After last November’s election, a frustrated member of a Mennonite congregation near South Bend, Indiana, wrote an article for his congregation’s newsletter. In it, he articulated his own political convictions. Then, even as he acknowledged that others would disagree with his perspectives, he wondered whether members of his congregation could meet and begin a conversation about their political differences.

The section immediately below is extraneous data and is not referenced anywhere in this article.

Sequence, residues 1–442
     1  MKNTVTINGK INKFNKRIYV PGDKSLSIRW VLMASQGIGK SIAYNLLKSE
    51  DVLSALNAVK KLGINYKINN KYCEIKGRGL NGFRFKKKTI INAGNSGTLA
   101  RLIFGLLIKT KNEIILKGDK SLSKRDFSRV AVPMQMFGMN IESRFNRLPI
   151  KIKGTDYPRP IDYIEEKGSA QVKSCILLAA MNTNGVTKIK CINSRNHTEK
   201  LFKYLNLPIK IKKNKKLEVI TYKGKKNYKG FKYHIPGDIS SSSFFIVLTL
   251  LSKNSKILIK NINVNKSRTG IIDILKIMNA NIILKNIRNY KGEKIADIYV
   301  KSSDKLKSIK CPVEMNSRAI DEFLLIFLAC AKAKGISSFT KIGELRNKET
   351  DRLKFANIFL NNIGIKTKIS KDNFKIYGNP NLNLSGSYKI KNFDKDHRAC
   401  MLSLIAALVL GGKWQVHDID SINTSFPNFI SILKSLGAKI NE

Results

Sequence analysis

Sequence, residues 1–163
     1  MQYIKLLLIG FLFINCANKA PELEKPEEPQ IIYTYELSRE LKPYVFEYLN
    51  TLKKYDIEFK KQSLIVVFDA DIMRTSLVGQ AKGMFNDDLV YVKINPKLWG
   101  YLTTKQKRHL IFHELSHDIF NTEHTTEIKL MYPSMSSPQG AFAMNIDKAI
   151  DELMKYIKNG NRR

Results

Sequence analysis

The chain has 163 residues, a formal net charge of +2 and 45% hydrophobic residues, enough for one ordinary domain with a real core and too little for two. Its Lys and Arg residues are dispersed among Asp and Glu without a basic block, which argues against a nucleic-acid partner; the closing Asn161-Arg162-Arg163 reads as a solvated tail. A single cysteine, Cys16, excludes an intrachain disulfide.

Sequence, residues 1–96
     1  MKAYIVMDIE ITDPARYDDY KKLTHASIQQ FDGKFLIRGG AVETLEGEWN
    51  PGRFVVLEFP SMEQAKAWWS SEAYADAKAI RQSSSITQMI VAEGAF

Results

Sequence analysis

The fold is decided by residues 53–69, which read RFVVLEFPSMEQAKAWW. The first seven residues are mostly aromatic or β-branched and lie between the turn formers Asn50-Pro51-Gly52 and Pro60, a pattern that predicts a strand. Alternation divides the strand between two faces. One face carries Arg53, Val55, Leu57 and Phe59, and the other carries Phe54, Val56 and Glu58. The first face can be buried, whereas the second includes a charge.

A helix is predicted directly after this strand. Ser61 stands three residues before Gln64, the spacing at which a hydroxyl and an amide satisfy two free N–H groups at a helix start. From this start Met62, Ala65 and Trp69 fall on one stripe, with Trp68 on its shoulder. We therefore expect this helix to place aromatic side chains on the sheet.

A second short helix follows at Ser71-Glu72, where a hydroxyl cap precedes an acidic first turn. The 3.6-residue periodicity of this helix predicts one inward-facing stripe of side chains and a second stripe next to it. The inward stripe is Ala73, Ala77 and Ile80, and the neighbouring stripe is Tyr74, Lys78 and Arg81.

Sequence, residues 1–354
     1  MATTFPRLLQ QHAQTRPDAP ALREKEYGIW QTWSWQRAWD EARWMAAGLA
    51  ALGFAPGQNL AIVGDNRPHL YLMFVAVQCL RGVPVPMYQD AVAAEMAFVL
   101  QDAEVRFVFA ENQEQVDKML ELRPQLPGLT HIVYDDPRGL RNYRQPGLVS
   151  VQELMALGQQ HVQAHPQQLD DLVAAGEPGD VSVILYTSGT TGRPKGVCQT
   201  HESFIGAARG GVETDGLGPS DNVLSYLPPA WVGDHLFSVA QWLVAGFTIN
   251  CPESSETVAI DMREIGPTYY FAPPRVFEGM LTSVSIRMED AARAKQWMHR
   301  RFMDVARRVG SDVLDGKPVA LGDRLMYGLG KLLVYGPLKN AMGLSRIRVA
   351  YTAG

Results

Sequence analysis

And so they did. Starting in Lent, the congregation held two series of sessions on “Faith and Politics.” They set some ground rules: listen actively to each other, seek differing points of view, look for common ground and engage in dialogue without debating the issues. Their goal was to better understand each other, not to change minds or insist on unanimity.